Don’t repeat Iraq in Afghanistan

Catherine McGregor and I have had our differences. They are well-known.

I have been (and remain) highly critical of the transgender former Army officer.

But it is hard to disagree with large parts of McGregor’s assessment today regarding Australia’s involvement in Afghanistan.

McGregor writes in today’s Daily Telegraph:

Our Special Forces fought superbly in Afghanistan. Both the Special Air Service Regiment and the Commandos engaged in sustained, brutal close combat and inflicted serious damage on the enemy.

But their efforts were undermined by the lack of any clear national strategic goals. In fact, Australia’s core mission in Afghanistan was really military diplomacy.

We were a minor partner and never had a clearly defined strategic objective other than being seen to support the Americans…

…I know hundreds of veterans of this war. To the last man and woman they are proud of their service and most would go back tomorrow. They did us proud. But very few of them understand what has been achieved and even fewer really understood what their exact role there was…

…But I query the wisdom of a long-term commitment to a short-term nation. Without the presence of significant numbers of US troops, Afghanistan will fall to the Taliban.

We won every battle in Afghanistan and Iraq but lost the wars because we failed to understand the enemy. McGregor may disagree with my assessment, but I believe it is entirely due to a new politically-correct agenda within Defence, as I detailed in this video back in 2014:

Afghanistan is likely to fall to the Taliban (even the main Australian base has come close to falling) and will became a haven for fleeing Islamic State fighters as well. We should expect some attempt to build an Islamic State 2.0 (even though it seems unlikely that this will gain the support of the Taliban), just as we should also expect intra-Islamic warfare between jihadi groups, government forces, tribal armies and rebels all arguing over who has the rightful authority to rule and impose their version of Sharia law.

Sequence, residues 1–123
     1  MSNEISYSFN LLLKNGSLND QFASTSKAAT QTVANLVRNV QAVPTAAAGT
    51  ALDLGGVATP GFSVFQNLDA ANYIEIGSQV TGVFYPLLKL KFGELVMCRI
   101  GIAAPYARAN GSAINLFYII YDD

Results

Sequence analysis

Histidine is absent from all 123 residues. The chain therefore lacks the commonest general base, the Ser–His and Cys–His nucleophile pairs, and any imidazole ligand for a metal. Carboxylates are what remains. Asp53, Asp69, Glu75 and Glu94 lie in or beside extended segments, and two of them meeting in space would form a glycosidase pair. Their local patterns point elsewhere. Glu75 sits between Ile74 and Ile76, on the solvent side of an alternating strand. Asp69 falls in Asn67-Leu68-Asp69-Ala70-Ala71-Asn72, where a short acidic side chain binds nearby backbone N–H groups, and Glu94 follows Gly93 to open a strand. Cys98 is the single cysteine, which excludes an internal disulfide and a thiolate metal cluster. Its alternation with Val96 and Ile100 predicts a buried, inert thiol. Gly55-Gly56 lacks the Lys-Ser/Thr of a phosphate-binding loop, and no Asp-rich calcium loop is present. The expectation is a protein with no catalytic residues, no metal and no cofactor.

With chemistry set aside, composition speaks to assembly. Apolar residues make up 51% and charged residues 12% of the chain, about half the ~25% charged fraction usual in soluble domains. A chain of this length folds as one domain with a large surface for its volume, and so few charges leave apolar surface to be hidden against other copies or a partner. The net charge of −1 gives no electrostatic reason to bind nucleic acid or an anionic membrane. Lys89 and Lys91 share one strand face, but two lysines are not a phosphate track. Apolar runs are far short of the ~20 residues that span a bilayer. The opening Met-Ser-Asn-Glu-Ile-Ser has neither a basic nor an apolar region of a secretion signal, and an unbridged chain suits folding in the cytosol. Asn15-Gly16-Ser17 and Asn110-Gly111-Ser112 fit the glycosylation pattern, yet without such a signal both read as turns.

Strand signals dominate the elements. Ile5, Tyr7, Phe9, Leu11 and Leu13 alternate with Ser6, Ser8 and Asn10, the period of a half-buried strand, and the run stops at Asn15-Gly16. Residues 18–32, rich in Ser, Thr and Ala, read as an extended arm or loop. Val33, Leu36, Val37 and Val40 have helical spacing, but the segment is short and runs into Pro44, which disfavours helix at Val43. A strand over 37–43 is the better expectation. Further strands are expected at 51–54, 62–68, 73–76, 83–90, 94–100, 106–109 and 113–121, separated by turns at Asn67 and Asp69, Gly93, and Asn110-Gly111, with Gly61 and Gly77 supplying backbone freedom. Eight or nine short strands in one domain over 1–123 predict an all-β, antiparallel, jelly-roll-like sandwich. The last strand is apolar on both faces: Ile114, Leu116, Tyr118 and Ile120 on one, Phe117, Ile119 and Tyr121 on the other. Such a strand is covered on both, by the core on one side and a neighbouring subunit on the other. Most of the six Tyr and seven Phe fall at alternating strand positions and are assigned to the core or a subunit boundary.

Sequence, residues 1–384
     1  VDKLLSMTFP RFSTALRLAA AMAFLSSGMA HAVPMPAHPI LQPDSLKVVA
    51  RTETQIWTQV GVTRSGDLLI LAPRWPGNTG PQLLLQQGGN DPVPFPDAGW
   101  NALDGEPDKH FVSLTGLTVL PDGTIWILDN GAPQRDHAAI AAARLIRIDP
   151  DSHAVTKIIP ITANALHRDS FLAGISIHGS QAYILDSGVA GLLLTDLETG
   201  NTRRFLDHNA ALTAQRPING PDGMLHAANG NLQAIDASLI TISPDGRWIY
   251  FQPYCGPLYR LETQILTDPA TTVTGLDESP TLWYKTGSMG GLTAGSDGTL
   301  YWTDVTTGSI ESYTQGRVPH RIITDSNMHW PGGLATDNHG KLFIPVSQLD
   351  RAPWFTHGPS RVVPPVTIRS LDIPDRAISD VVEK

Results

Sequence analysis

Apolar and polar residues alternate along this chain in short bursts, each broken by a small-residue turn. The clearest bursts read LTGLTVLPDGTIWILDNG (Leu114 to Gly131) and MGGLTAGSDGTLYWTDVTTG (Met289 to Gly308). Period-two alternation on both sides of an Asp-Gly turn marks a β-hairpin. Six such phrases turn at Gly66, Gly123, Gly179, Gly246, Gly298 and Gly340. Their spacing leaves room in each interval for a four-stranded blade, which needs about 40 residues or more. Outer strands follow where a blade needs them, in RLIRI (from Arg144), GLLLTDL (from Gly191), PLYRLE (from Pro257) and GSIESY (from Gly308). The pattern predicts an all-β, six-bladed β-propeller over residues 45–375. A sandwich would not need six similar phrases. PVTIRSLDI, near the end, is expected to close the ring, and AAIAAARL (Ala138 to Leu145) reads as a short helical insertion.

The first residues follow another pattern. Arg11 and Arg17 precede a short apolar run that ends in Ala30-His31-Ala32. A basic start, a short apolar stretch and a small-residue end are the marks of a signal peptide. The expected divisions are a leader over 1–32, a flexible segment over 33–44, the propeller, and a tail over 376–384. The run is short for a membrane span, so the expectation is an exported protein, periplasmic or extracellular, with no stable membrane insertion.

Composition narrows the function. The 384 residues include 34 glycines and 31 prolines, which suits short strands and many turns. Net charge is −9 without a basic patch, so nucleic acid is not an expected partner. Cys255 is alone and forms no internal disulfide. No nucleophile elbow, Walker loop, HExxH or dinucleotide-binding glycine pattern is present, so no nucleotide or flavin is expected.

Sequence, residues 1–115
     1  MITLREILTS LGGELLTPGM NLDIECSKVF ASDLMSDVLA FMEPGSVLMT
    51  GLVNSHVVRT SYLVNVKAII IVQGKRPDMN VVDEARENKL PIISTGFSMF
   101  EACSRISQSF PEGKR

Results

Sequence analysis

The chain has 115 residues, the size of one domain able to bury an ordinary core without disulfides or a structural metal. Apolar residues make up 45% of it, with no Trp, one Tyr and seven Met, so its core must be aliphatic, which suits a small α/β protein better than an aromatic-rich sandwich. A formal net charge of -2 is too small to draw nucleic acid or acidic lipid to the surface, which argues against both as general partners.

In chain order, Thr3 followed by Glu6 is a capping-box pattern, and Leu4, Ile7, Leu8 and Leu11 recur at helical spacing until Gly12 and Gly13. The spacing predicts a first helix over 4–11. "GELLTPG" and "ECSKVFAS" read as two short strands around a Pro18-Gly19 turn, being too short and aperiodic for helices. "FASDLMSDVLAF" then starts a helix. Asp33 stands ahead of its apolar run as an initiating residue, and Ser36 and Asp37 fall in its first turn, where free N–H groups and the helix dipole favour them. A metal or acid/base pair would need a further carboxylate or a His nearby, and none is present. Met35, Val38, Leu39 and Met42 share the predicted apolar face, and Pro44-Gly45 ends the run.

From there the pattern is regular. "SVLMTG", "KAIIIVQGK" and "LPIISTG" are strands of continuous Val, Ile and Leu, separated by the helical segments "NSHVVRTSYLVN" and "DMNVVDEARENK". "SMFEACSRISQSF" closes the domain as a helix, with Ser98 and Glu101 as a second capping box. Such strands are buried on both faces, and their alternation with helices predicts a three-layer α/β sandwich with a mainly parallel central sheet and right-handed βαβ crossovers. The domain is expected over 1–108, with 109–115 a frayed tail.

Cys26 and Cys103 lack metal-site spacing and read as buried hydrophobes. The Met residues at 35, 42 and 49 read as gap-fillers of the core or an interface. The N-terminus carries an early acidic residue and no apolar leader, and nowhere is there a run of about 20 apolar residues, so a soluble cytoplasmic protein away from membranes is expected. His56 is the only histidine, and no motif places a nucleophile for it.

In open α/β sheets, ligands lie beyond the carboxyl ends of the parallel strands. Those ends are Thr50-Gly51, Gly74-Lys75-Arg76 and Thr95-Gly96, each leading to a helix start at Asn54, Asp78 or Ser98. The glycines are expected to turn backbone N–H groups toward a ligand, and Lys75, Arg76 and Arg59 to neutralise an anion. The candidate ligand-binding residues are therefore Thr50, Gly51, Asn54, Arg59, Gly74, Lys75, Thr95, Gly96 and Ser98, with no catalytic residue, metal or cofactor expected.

The only way to change this is for a lengthy, large-scale military presence with a mission to replace the barbaric culture that rules there. It would require occupation over successive generations; essentially a form of modern colonialism.

For many reasons, there are no nations in the world prepared to do this.

The best option for Australia is to:

  • keep the problem over there – that means stopping immigration here, and
  • assist efforts to solve the problem over there – that means targeted operations to degrade militant groups, humanitarian support to assist the inevitable refugees to live in their own lands and government support for the bad guys that we can live with (without doing stupid things like promoting, building and funding Islam).

It is a strategy of containment.

Going into Iraq was a mistake. Pulling out entirely was a complete disaster. For our own broader security and to prevent another ugly mess, we should not repeat all the mistakes of Iraq in Afghanistan.

Author: Bernard Gaynor

Bernard Gaynor is a married father of seven children. He has a background in military intelligence, Arabic language and culture and is an outspoken advocate of conservative and family values.

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